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I earned my Green Card by meticulously planning a hi-jack attempt on Air Force One. It was returning from a summit in Moscow and carrying Harrison Ford as President of the United States. Our team of animators and engineers helped all the explosions look realistic, simulated Air Force One refueling in the air, and made everyone believe that President escaped from the plane in a computer-generated pod we created for him, which was dropped through computer-generated doors at the bottom of the plane. I even had a chance to meet the President, I mean Harrison Ford, at the Sony stage, along with other actors who were practicing jumping from a plane in front of a giant air blower. And this was all part of work that I was actually paid to do as a member of the special effects team on the movie "Air Force One".
We came to the US when my talented husband was accepted into a PhD program at USC. We rented a tiny studio behind a Beverly Hills mansion and immersed ourselves into the exciting life of work, sports and fun. We were young, hyperactive, self-confident, and LA was just right for us with its wide open roads, hugging blue skies and bursting cultural life. We listened to KCRW, paid $10 for the cheapest Hollywood Bowl seats, watched fresh releases at Sunset 5 and met European movie directors in a small screening room of the film forum, open to anyone interested. At lunch we ate avocado burgers in a surf joint in Venice, or sipped Jamba Juice in Santa Monica and twice a week we took kick-boxing classes at 9pm, then showered and went out.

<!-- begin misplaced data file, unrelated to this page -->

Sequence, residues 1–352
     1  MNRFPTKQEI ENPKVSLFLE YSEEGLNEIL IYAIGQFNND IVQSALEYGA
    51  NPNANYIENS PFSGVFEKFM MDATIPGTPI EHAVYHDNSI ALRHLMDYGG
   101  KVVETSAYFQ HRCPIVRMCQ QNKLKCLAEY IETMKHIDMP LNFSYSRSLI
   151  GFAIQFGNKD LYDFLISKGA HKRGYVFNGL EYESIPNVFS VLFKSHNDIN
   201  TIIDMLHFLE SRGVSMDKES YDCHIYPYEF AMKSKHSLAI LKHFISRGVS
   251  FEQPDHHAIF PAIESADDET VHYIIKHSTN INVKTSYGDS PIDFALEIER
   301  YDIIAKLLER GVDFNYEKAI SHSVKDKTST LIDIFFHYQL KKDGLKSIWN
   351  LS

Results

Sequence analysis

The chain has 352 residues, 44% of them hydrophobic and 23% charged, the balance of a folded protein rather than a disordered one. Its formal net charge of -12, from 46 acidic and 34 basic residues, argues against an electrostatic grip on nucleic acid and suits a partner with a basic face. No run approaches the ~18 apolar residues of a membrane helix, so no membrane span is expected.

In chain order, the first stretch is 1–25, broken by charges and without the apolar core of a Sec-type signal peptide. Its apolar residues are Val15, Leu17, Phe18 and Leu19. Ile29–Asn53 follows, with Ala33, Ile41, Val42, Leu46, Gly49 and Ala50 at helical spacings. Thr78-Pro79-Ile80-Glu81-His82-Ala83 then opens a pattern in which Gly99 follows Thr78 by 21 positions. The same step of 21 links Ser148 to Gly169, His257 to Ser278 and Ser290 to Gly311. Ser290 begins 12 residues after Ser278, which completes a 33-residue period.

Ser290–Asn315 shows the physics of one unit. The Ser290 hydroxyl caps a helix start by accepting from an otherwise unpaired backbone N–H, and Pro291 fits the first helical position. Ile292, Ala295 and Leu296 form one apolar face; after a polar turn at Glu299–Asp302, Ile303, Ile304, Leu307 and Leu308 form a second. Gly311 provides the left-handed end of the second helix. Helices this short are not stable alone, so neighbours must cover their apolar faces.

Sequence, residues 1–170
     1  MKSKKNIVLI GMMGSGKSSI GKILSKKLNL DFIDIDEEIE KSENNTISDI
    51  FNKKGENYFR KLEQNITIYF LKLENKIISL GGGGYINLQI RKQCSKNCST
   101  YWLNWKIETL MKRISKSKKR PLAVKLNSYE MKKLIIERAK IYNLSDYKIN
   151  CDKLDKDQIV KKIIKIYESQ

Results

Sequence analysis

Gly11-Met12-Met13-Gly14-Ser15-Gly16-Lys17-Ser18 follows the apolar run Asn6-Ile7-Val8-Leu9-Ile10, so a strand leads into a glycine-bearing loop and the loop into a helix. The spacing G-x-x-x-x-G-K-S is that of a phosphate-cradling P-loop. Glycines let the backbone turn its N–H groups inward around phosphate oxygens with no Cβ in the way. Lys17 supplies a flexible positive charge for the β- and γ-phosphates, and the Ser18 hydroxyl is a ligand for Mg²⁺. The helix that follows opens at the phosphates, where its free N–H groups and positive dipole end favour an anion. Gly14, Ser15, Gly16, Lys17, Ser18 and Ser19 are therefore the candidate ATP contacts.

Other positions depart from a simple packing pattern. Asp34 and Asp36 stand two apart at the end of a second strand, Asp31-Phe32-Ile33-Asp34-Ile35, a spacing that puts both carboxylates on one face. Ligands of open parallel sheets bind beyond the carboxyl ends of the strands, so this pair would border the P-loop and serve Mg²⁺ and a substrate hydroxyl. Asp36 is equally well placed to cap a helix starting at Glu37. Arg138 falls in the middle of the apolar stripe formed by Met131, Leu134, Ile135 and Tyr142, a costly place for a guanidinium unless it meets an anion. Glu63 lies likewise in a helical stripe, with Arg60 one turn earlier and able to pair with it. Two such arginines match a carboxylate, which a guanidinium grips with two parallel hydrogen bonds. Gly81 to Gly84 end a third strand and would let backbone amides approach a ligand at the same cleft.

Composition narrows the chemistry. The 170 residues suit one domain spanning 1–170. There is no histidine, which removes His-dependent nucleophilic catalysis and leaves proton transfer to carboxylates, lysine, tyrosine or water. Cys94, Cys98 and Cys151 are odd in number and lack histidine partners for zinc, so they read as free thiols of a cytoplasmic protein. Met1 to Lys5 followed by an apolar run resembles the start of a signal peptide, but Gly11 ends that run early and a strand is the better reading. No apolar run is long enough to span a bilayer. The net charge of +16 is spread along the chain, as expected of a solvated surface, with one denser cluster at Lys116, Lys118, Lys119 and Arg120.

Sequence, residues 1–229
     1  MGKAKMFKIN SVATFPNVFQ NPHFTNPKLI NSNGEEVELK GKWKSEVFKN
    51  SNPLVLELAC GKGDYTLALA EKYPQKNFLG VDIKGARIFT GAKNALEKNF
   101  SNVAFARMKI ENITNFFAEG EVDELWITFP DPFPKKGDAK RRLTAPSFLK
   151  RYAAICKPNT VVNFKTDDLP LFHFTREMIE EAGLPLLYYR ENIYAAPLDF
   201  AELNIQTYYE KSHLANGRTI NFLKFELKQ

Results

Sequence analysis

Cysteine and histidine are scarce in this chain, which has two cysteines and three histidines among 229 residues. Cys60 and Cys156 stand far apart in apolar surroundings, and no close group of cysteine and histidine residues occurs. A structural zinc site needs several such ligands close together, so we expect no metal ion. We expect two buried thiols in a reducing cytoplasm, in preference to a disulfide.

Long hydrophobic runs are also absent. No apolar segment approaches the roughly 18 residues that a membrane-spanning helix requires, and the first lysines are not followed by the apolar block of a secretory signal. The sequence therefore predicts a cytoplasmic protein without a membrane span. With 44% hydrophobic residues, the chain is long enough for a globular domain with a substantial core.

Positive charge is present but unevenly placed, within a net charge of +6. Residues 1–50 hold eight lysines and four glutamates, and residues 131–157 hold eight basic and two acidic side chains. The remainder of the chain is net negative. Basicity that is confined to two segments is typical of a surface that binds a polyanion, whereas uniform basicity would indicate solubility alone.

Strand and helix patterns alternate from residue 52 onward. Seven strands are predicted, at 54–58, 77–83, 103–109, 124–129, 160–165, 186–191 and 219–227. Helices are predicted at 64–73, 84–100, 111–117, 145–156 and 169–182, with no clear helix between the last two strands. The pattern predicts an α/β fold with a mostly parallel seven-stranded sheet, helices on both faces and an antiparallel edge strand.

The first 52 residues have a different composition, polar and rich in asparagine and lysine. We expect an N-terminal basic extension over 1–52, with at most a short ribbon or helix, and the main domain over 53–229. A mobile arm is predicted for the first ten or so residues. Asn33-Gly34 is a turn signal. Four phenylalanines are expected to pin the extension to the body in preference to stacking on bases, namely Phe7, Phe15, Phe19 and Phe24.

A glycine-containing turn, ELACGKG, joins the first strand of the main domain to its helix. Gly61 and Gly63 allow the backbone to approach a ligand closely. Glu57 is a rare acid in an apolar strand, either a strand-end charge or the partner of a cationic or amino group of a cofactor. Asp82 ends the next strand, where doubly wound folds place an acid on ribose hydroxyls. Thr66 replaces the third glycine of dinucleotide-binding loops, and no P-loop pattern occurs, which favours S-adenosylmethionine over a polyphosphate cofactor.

Here my wildest dreams came true when it turned out that my math training could apply to the exciting world of movie special effects. The setting was like a dream: on the ocean side of Los Angeles, in a quiet nightclub atmosphere, in an abandoned military hangar, lit by a web of Christmas lights and lava lamps, surrounded by a life-size Princess Leah statue and old Star Wars spaceships, accompanied by a pet parrot. We were making Hollywood history and immortalizing our characters on the big screen.
We were compositing green-screen shots of the famous actors onto a separate background sequences, measuring motion of the plane and mapping reflections of the night city lights onto it, drawing explosions, removing wires and cat whiskers, rendering fur, building spaceships, removing wrinkles and doing more explosions. We worked 10 hours a day, occasional weekends, and we rarely saw the sunlight. But it all seemed like a very long party. And then, we had a chance to take off the geek clothes, to put on the fancy outfits and go to the movie premiere where we cheered to every movie sequence we helped to make and everyone stayed till the very end for the fast running credits searching for their name in tiny print.
Read more about The Math Mom in her life story: Love, Life and Math.